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Background: Patients with mild blunt traumatic brain injury (TBI) are frequently transferred to Level 1 trauma centers (L1TC) if they have any positive finding of any acute intracranial injury identified on a CT scan of the head. The hypothesis for the study is that patients with such injuries and minor changes on the Head CT scan can be safely managed at community hospitals (CH).
Methods: Patients with blunt, mild TBI (defined as a GCS 13-15 at presentation) presenting to CH, L1TC, and transferred from CH to L1TC between March, 2012 and February, 2014 were included. Minor changes on head CT were defined as: 1) epidural hematoma<2mm; 2) subarachnoid hemorrhage<2mm; 3) subdural hematoma<4mm; 4) intraparenchymal hemorrhage<5mm; 5) minor pneumocephalus; or 6) linear or minimally depressed skull fracture. TBI-specific interventions were defined as intracranial pressure monitor placement, administration of hyperosmolar therapy, or neurosurgical operation. Three groups of patients were compared: 1) those receiving treatment at CH, 2) those transferred from CH to L1TC, and 3) those presenting directly to L1TC.
The primary endpoint was the need for TBI-specific intervention and secondary outcome was death of any patient.
The trauma registries at all participating centers were searched for patients who developed mild TBIs following blunt trauma and were directly admitted either to L1TC, or CH, or transferred from CH to L1TC. Patients with Glasgow Coma Scale (GCS) equal to or greater than 13 and a positive head CT scan for minor injuries were included in the study. Minor CT findings were defined as: 1) an epidural hematoma less than 2 mm thick, 2) a subarachnoid hemorrhage measuring less than 2 mm, 3) a subdural hematoma less than 4 mm thick, 4) an intraparenchymal hemorrhage measuring less than 5 mm, 5) minor pneumocephalus, or 6) linear or minimally depressed skull fracture. Patients with multiple findings were also included so long as the above criteria were met. Patients were also included patients if they were taking aspirin or if they were intoxicated with alcohol as long as their GCS could still be assessed to be between 13-15. Patients with more severe CT scan findings were excluded. Patients were also excluded if they were younger than 18 years of age, presented with open skull fractures, were intubated or hemodynamically unstable upon presentation, or had prior history of bleeding diathesis. Finally, patients with injuries in other areas of the body with an abbreviated injury score (AIS) > 2 were excluded.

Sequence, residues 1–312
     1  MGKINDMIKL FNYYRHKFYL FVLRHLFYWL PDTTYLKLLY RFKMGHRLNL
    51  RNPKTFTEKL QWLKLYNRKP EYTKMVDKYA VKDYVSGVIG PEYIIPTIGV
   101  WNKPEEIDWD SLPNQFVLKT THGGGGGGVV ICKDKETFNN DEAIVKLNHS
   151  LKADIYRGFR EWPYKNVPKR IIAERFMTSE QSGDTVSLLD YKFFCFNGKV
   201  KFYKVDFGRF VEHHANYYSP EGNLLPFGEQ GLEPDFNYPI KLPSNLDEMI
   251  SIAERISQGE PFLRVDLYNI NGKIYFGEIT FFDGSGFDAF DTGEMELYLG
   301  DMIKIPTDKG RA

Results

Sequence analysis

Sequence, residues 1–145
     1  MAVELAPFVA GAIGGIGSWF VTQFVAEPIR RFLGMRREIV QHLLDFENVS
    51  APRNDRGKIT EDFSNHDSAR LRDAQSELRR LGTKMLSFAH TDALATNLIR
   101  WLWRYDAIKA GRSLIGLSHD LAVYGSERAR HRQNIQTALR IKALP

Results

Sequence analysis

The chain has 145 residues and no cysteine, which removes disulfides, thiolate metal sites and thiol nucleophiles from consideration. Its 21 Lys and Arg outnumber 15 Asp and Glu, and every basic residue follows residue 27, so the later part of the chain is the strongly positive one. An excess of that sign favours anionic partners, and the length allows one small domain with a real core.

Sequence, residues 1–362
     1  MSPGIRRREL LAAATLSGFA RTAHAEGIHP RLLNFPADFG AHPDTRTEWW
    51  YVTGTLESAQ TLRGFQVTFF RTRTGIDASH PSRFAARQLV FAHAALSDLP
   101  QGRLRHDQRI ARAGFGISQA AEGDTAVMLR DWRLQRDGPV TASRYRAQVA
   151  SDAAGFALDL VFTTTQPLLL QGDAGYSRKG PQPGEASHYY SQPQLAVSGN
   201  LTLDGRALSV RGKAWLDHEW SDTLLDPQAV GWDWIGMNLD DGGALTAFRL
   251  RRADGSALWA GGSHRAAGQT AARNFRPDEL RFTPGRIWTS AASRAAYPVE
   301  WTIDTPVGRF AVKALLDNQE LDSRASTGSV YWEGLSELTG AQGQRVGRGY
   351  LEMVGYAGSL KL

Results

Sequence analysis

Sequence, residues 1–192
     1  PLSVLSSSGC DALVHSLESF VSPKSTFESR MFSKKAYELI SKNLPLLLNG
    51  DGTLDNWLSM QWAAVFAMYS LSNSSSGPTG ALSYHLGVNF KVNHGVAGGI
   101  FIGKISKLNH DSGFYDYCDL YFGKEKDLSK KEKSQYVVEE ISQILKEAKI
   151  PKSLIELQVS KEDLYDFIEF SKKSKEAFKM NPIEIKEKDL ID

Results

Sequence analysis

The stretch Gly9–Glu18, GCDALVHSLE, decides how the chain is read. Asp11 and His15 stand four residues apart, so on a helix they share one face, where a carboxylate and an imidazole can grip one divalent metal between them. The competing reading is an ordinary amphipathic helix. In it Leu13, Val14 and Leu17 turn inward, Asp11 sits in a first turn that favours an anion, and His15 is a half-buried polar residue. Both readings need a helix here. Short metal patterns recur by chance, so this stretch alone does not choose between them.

After obtaining approval by the Institutional Review Board, data of interest was retrospectively collected from one LITC and four CH. This was done by using the trauma registries and reviewing individual medical charts. Collected data included baseline demographics (e.g. age and gender), variables related to the blunt trauma (e.g. mechanism of injury, injury severity score [ISS], and AIS scores), baseline comorbidities, vital signs and GCS on arrival to the emergency department, CT scan findings and whether a repeat CT scan of the head was performed, the administration of blood products, hospital and intensive care unit (ICU) length of stay, as well as in-hospital complication and mortality rates.
Three groups of patients were compared:
1. those who were admitted and received definitive treatment at one of the four CH
2. those who initially presented at CH but were subsequently transferred to L1TC and
3. those who presented directly to the L1TC.
The primary endpoint of the study was the need for TBI-specific interventions in these 3 groups. TBI-specific intervention was defined as a neurosurgical operation, insertion of an intracranial pressure (ICP) monitor, or administration of hyperosmolar therapy. The secondary endpoint was mortality.
Statistical analysis was performed using the STATA software (version 13.1). Numerical variables are reported as medians with interquartile ranges (25th to 75th percentile), and categorical ones as frequencies and percentages. The Kruskal Wallis non-parametric test was used to compare the numerical variables and the chi-square or Fisher's exact test to compare the categorical variables as appropriate. The multivariable logistic regression analyses to identify independent predictors of TBI-specific interventions or independent risk factors for mortality and overall morbidity could not be performed, given the rarity of these events in the patient population. p-value of less than 0.05 was defined as the level of statistical significance.
Minor Head Injury
Massachusetts General hospital
Massachusetts General Hospital
Published on BioPortfolio: 2019-11-03T15:10:57-0500
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